Could Paint Particles Help Cool The Planet?
The June 12, 1991 eruption column from Mount Pinatubo taken from the east side of Clark Air Base.
Dispersing a microscopic, light-scattering particle found in paint and sunscreens into the upper reaches of the atmosphere could help cool our rapidly warming planet, scientists say.
Advocates of the idea say that scattering titanium dioxide – which is found in paint, sunscreens, and inks – into Earth's stratosphere could help deflect the sun's rays. The effect would be no different, they argue, from the global cooling effect created by the 1991 eruption of Mount Pinatubo in the Philippines, which spewed 20 million tons of sulphur dioxide into the stratosphere, forming a fine mist of sulphuric acid particles that reduced global temperatures for two years.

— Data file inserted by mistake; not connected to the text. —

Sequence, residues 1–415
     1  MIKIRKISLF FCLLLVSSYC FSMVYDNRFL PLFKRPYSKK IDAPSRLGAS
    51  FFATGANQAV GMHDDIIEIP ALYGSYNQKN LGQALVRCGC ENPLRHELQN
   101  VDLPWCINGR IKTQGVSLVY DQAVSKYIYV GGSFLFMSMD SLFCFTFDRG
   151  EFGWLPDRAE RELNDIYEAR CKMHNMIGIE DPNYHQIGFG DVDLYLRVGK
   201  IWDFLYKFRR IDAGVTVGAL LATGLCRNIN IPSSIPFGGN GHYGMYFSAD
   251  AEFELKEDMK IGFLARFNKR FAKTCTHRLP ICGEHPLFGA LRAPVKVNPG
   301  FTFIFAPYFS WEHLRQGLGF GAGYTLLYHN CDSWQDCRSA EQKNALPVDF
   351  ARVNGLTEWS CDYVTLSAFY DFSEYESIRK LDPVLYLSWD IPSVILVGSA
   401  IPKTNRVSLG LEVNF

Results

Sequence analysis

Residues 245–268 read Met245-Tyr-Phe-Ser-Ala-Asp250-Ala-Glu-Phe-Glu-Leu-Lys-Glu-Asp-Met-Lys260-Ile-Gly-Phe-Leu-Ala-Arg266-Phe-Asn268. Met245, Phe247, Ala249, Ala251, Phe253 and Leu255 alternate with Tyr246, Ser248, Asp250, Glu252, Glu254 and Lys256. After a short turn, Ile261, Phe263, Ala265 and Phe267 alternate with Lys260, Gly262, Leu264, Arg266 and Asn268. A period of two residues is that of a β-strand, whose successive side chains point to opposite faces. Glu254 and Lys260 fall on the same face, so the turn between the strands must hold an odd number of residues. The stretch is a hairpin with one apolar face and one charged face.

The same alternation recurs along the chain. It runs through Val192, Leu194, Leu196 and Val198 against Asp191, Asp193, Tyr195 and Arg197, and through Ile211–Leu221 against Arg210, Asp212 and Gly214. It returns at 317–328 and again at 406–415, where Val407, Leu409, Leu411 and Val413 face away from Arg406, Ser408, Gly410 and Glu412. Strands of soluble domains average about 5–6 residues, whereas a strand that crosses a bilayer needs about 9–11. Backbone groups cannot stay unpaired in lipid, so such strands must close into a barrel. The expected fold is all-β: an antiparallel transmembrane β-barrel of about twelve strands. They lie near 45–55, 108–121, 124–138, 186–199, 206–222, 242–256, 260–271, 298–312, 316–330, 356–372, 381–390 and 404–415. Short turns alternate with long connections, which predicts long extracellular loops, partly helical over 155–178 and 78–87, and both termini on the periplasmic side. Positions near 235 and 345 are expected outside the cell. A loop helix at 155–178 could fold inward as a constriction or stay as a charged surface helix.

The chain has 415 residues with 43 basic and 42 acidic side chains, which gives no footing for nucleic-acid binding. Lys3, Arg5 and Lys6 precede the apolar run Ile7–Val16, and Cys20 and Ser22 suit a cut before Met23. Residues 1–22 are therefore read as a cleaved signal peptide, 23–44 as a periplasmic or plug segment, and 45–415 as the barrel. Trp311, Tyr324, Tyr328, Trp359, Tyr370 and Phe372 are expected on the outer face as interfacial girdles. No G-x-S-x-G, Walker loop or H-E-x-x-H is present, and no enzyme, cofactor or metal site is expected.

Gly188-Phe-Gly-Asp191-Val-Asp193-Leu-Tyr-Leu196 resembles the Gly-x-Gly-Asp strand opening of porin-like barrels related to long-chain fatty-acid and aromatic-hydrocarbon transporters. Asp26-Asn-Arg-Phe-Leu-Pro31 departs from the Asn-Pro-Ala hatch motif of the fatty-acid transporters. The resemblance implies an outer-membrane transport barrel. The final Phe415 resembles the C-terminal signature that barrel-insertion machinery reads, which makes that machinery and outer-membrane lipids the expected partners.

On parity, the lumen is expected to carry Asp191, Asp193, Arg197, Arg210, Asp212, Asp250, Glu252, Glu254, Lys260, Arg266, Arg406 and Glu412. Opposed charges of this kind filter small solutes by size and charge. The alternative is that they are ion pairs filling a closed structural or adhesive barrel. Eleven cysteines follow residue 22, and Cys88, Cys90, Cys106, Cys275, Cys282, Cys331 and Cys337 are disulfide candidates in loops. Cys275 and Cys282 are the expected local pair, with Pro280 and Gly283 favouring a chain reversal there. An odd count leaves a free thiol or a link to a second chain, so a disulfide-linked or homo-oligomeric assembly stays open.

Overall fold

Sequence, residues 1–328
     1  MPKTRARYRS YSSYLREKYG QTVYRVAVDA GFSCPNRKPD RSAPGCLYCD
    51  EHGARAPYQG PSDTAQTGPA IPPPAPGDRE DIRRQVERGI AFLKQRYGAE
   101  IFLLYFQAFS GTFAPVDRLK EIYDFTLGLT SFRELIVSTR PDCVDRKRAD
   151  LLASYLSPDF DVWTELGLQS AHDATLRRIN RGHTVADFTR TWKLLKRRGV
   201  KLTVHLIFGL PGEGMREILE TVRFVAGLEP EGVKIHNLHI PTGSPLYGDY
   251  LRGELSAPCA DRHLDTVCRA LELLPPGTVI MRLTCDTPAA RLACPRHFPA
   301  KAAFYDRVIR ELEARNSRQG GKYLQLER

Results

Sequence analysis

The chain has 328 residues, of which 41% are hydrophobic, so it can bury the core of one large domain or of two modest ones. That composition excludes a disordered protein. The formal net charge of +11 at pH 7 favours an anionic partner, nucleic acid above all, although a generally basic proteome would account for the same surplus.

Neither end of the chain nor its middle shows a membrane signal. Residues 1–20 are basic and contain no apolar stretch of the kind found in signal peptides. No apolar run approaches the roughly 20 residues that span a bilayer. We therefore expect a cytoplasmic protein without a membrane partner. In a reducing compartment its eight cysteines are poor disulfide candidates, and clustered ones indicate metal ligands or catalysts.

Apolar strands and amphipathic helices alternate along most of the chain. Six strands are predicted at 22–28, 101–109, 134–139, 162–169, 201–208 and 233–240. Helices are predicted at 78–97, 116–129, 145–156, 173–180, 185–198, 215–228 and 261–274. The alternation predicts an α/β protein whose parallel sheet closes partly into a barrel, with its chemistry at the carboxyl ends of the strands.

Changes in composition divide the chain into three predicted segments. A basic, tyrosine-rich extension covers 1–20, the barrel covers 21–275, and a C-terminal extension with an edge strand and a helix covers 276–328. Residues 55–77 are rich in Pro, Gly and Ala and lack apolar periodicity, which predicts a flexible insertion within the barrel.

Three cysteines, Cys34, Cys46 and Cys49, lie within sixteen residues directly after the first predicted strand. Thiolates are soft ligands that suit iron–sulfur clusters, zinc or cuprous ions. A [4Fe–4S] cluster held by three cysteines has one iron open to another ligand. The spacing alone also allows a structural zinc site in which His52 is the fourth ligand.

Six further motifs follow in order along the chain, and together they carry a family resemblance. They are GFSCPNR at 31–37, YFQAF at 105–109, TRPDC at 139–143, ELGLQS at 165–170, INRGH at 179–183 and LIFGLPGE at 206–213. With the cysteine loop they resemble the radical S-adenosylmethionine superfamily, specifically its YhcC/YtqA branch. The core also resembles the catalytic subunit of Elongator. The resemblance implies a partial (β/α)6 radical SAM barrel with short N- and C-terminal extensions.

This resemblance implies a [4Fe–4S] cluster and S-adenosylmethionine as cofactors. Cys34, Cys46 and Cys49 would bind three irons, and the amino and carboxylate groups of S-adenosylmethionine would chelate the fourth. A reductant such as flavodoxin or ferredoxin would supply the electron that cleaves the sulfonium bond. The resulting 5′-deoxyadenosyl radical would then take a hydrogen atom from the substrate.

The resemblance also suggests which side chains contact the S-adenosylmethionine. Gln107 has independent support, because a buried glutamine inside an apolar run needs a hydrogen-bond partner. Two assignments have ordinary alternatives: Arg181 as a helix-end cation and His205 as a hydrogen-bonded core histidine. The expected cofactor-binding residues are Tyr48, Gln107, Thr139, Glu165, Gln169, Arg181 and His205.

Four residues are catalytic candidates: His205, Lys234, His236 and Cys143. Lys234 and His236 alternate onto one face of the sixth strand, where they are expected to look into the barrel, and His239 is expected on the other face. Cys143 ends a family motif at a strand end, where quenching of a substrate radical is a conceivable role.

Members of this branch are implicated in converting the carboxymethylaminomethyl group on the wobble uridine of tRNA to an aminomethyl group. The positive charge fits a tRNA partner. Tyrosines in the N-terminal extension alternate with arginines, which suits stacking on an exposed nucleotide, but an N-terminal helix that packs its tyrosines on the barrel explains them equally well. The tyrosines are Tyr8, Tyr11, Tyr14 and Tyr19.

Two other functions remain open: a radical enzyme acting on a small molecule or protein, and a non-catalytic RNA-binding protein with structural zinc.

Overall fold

Peter Davidson, a member of the UK Royal Academy of Engineering, called the geoengineering project an insurance policy against climate change.
“While it's essential that we work to reduce carbon dioxide emissions now, it would be wise to have a well-researched emergency system in reserve as a Plan B,” Davidson said.
Scientists chose titanium dioxide because it is stable in air, non-toxic and seven times more effective at scattering light than sulphuric acid.
But how to get the titanium dioxide particles into the atmosphere? One idea is to use an air balloon to lift a flexible pipe up into the lower level of the stratosphere and then use a hypersonic nozzle to spray a chemical slurry that contains titanium dioxide.
Davidson and his colleagues estimate that the cost of the project would be around $4.8 billion per year.
Details about the geoengineering project are detailed in this month's tce magazine, a publication of the Institution of Chemical Engineers (IChemE).